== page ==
GILLON: But again, would farmers get a significant compensation package from Labor?

FITZGIBBON:  Well let’s proceed with the progress on the development of the Strategy, it has many limbs. I mean we have to of course deal with workforce issues in our abattoirs, we have to deal with some of the costs in our meat processing sector, we need to further expand and develop markets, but if we do all these things right, do it well, then there is no reason why sheep farmers can’t be the beneficiaries of this strategy.

GILLON: Just on another matter, a lot of debate this week about tax cuts, on the income tax front, we have seen the details in the Budget.  Why is it taking Labor so long to declare if it will actually support the second tranche of tax cuts for low income earners?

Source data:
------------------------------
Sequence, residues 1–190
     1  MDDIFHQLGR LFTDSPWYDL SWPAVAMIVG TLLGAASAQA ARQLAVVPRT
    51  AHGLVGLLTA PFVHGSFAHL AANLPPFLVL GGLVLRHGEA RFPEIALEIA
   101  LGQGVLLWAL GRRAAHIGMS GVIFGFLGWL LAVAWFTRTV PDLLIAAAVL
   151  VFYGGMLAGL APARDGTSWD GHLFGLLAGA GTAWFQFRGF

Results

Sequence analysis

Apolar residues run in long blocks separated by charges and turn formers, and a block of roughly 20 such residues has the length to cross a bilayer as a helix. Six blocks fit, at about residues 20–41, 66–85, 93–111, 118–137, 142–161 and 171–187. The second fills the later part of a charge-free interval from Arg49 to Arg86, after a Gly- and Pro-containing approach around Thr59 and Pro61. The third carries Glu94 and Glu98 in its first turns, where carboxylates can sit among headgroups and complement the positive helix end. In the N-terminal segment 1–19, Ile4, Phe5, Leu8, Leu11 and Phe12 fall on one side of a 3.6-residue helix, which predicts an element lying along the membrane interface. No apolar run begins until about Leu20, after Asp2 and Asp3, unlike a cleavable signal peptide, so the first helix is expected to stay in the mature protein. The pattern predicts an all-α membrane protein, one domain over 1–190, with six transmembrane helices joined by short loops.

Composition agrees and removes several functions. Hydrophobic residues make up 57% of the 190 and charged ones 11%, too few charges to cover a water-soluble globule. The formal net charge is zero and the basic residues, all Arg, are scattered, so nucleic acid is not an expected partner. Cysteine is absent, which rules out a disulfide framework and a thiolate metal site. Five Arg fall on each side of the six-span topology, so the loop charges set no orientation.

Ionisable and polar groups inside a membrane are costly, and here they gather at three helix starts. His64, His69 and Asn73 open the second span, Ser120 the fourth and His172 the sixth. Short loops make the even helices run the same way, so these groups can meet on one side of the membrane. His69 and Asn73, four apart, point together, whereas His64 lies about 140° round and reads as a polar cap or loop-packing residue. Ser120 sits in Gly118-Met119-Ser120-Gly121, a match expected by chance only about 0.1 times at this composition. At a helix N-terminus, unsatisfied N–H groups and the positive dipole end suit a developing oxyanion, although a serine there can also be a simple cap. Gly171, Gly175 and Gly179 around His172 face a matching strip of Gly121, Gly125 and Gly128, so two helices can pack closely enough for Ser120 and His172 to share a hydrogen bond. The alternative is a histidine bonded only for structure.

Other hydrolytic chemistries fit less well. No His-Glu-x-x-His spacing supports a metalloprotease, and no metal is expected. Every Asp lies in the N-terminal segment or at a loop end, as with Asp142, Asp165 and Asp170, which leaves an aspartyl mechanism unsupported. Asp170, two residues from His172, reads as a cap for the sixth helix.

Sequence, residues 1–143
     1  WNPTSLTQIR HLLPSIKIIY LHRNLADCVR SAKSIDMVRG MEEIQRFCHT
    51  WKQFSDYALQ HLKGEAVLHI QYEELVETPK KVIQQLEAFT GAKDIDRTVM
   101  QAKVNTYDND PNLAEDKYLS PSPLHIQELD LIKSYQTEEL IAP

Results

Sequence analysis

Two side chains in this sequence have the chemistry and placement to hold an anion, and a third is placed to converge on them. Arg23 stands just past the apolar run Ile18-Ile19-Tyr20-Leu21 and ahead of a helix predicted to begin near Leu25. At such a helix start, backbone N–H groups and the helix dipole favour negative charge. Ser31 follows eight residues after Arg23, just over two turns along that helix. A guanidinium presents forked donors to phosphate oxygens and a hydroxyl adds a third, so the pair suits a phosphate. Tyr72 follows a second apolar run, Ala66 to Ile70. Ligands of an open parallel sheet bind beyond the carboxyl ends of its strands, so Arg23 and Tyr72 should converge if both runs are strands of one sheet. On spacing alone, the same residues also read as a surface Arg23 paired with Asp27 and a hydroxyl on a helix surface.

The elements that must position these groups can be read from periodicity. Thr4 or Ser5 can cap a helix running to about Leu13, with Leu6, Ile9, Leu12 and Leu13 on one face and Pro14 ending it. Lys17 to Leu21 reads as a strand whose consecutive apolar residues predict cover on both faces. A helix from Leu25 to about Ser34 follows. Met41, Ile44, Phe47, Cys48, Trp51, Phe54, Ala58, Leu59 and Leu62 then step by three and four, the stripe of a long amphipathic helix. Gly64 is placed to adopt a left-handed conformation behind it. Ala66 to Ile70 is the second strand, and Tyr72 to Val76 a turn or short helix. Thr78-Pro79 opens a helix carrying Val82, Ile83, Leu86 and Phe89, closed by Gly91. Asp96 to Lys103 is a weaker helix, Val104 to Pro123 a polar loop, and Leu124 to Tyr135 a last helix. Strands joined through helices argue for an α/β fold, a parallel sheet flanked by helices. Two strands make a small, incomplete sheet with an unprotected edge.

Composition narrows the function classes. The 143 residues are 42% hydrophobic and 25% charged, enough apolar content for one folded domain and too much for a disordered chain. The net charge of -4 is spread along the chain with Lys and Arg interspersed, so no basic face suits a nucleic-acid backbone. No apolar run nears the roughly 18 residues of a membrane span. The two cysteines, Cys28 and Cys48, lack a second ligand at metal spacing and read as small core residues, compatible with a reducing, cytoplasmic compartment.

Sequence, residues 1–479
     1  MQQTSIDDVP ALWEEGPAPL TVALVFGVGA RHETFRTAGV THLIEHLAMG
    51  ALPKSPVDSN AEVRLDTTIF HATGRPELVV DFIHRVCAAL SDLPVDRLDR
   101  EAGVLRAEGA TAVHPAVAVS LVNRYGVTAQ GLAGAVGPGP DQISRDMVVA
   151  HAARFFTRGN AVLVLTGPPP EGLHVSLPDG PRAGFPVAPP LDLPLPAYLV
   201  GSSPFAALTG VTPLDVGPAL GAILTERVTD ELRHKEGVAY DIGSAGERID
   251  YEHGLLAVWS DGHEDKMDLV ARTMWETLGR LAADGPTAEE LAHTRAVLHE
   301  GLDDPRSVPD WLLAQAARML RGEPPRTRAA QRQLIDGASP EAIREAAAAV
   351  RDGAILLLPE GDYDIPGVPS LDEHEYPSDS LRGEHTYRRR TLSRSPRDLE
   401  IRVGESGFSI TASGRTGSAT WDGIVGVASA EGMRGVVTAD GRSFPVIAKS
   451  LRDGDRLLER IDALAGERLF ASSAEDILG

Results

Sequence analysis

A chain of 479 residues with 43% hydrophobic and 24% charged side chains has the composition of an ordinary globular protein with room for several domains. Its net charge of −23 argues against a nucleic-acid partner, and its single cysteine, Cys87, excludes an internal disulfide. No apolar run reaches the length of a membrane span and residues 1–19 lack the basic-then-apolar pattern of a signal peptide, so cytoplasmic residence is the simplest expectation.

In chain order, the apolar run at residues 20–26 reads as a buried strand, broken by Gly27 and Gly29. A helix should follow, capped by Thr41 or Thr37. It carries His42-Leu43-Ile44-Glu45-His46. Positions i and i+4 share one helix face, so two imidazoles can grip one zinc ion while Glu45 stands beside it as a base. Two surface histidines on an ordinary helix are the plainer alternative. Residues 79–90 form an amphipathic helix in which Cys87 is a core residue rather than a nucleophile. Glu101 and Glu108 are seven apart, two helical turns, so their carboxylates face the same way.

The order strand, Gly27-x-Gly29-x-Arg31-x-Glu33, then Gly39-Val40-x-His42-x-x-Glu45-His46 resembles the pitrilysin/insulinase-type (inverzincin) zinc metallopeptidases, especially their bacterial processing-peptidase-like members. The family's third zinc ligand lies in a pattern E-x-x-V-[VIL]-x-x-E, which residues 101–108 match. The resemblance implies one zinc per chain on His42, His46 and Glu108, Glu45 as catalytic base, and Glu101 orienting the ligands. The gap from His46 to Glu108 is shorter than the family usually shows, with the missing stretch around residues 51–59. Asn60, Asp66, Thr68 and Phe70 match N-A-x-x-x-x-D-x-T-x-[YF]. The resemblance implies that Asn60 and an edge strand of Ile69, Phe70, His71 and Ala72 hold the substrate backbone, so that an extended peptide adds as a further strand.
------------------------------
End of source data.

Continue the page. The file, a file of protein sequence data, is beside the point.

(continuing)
FITZGIBBON: As you pointed out, we are supporting the first tranche, we have made that very, very clear.  We are still looking at the second tranche. It is worth noting we still don’t have all of the detail, including how much it will cost which is a pretty important part of any consideration on tax policy.  So we will continue to have that internal discussion and make our announcements in good time. 

GILLON: Ged Kearney, the new Labor MP, delivered her maiden speech in the Parliament yesterday and really gave a passionate address when it comes to the fate of asylum seekers.  She has taken to social media calling on Labor to “humanise” your policies when it comes to asylum seekers and refugees.  She is saying she is going to be fighting for changes at the upcoming Labor National Conference.  Is Bill Shorten now under serious pressure from the Left to change your policy?